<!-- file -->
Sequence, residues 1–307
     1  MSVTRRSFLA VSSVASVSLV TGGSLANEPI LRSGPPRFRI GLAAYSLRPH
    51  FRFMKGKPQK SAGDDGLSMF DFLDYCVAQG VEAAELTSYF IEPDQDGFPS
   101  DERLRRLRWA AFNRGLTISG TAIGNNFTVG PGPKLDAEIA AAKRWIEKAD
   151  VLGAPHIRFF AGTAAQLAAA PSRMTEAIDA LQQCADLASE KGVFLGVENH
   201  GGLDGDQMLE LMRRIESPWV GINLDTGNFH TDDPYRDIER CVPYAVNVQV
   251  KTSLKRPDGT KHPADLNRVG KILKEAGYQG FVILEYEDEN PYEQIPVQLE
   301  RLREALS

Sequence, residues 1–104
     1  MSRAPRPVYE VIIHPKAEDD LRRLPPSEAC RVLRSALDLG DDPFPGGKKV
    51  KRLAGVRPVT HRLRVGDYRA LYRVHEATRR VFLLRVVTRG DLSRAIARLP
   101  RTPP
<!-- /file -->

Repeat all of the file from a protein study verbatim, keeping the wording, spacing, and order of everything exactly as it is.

Sequence, residues 1–307
     1  MSVTRRSFLA VSSVASVSLV TGGSLANEPI LRSGPPRFRI GLAAYSLRPH
    51  FRFMKGKPQK SAGDDGLSMF DFLDYCVAQG VEAAELTSYF IEPDQDGFPS
   101  DERLRRLRWA AFNRGLTISG TAIGNNFTVG PGPKLDAEIA AAKRWIEKAD
   151  VLGAPHIRFF AGTAAQLAAA PSRMTEAIDA LQQCADLASE KGVFLGVENH
   201  GGLDGDQMLE LMRRIESPWV GINLDTGNFH TDDPYRDIER CVPYAVNVQV
   251  KTSLKRPDGT KHPADLNRVG KILKEAGYQG FVILEYEDEN PYEQIPVQLE
   301  RLREALS

Sequence, residues 1–104
     1  MSRAPRPVYE VIIHPKAEDD LRRLPPSEAC RVLRSALDLG DDPFPGGKKV
    51  KRLAGVRPVT HRLRVGDYRA LYRVHEATRR VFLLRVVTRG DLSRAIARLP
   101  RTPP